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What is melanoma?

Melanoma is a malignant tumour that starts in melanocytes. Melanocytes are a type of cell that make melanin, which is the pigment that gives your skin and eyes their colour. Malignant means that it can spread, or metastasize, to other parts of the body.

The skin is the body’s largest organ. It covers your whole body and protects it from injury, infection and ultraviolet (UV) light from the sun. The skin helps control your body temperature and gets rid of waste materials through the sweat glands. It also makes vitamin D and stores water and fat.

The skin has 2 main layers. The top layer, on the surface of the body, is called the epidermis. The dermis is below the epidermis. It has nerves, blood vessels, sweat glands, oil (sebaceous) glands and hair follicles. The epidermis is made up of 3 types of cells:

  • Squamous cells are flat, thin cells on the surface of the skin.
  • Basal cells are round cells that lie under the squamous cells.
  • Melanocytes are found in between the basal cells.

Cells in the skin sometimes change and no longer grow or behave normally. These changes may lead to non-cancerous, or benign, tumours such as dermatofibromas, epidermal cysts or moles (also called nevi).

Changes to cells in the skin can also cause cancer. Different types of skin cells cause different types of skin cancers. When cancer starts in melanocytes, it is called melanoma. When skin cancer starts in squamous cells or basal cells, it is called non-melanoma skin cancer. Find out more about non-melanoma skin cancer.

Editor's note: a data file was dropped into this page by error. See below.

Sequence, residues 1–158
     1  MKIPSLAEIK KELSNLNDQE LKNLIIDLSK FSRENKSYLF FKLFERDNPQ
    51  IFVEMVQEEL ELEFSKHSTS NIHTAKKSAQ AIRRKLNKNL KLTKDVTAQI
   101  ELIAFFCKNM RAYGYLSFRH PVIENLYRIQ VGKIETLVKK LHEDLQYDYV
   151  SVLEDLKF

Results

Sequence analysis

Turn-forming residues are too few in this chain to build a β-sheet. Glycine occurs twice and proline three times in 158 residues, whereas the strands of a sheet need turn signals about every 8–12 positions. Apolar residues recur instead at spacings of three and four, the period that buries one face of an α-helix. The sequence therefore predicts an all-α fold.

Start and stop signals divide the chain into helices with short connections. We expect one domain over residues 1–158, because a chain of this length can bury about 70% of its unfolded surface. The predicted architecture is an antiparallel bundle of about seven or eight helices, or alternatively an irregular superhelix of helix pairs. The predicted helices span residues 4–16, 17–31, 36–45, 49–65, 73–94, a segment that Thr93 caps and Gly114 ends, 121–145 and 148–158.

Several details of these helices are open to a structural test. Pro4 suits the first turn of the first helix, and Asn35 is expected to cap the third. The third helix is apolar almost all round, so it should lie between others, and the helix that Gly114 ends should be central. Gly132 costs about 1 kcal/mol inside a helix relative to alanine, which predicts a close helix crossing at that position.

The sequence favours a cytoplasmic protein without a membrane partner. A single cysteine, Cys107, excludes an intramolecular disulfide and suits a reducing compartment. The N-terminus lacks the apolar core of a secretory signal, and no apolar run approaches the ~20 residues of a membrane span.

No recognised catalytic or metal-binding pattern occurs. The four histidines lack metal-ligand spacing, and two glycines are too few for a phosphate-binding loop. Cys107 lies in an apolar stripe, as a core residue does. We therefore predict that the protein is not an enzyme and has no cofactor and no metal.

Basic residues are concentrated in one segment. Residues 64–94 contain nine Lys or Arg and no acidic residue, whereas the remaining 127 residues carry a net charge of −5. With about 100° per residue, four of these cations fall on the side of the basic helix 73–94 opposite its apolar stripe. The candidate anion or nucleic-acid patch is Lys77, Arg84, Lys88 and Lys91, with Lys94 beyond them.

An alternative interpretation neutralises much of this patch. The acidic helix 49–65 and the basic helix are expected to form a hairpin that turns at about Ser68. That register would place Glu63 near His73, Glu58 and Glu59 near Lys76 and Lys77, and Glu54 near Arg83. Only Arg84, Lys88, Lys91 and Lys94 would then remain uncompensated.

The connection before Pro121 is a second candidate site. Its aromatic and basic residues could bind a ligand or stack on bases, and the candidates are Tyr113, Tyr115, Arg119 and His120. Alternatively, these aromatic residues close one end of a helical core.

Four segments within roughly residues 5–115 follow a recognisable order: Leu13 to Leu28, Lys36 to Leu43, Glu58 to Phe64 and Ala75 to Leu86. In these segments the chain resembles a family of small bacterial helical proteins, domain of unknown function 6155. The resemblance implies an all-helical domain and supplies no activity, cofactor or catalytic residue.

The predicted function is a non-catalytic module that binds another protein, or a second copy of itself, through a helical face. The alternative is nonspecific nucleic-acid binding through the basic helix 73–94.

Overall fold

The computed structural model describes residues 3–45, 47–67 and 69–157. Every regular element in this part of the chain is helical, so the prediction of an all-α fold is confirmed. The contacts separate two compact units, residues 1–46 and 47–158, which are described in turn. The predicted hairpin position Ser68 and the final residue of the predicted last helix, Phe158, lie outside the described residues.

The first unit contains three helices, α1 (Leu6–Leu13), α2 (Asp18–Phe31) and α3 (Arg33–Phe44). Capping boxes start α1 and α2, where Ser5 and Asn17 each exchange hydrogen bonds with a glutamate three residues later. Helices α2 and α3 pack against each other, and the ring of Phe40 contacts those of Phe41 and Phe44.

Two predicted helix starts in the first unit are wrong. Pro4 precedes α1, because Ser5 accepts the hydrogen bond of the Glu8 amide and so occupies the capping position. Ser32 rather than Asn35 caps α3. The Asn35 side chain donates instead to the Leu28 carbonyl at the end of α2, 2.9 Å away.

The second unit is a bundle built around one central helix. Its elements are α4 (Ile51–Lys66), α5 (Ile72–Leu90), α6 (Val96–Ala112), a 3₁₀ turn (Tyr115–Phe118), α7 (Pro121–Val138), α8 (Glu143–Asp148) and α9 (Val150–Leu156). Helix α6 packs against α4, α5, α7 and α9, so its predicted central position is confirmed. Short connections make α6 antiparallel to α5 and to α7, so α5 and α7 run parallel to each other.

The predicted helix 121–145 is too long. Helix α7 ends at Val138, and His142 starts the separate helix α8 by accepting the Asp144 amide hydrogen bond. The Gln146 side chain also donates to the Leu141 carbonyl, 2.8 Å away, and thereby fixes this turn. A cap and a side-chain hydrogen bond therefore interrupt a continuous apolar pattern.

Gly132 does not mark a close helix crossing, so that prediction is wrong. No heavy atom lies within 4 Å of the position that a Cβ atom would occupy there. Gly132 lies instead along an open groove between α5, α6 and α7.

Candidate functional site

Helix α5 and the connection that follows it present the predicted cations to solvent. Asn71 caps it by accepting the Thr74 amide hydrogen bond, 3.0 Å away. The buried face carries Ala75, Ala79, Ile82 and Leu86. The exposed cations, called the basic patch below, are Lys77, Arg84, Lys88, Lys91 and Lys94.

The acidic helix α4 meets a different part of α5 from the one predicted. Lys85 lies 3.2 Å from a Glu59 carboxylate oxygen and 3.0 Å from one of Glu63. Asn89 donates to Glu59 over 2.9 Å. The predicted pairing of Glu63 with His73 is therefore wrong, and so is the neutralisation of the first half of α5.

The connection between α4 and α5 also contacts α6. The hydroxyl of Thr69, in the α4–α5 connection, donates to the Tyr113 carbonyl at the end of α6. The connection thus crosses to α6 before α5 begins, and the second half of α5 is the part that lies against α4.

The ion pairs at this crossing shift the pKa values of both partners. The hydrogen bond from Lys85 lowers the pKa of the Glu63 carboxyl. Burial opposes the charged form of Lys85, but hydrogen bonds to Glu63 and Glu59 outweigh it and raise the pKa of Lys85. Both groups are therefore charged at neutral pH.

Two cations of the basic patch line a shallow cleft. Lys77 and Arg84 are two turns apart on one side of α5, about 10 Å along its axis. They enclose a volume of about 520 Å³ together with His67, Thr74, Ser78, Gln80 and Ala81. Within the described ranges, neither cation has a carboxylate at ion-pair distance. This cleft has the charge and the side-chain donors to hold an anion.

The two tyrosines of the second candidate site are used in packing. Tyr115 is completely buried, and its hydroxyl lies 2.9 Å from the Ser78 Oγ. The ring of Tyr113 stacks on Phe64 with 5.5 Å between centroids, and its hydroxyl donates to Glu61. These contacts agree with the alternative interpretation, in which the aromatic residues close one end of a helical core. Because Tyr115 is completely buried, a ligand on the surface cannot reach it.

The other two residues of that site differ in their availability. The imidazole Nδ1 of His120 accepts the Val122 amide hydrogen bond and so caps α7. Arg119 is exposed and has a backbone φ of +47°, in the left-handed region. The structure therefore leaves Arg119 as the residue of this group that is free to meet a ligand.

When melanocytes change and become abnormal, they can cause precancerous conditions. This means that the cells are not yet cancer but there is a higher chance these abnormal changes may become cancer. An atypical mole, or dysplastic nevus, is a precancerous condition of the skin that is more likely than ordinary moles to develop into melanoma. Another precancerous condition caused by changes to melanocytes is called congenital melanocytic nevi. In some cases, congenital melanocytic nevi may develop into melanoma.

Melanoma usually starts on the skin. The most common type of melanoma is called superficial spreading melanoma. The second most common type of melanoma skin cancer is nodular melanoma. Other types of melanoma are lentigo maligna melanoma and acral lentiginous melanoma.

Melanoma can also start in other parts of the body where melanocytes are found, but these types of melanoma are rare. They include mucosal lentiginous melanoma, which can develop in mucous tissue anywhere in the body such as internal organs, the mouth or the vagina. Intraocular melanoma is another rare type of melanoma. It can develop in the eyeball.

Diagram of cross-section of the skin


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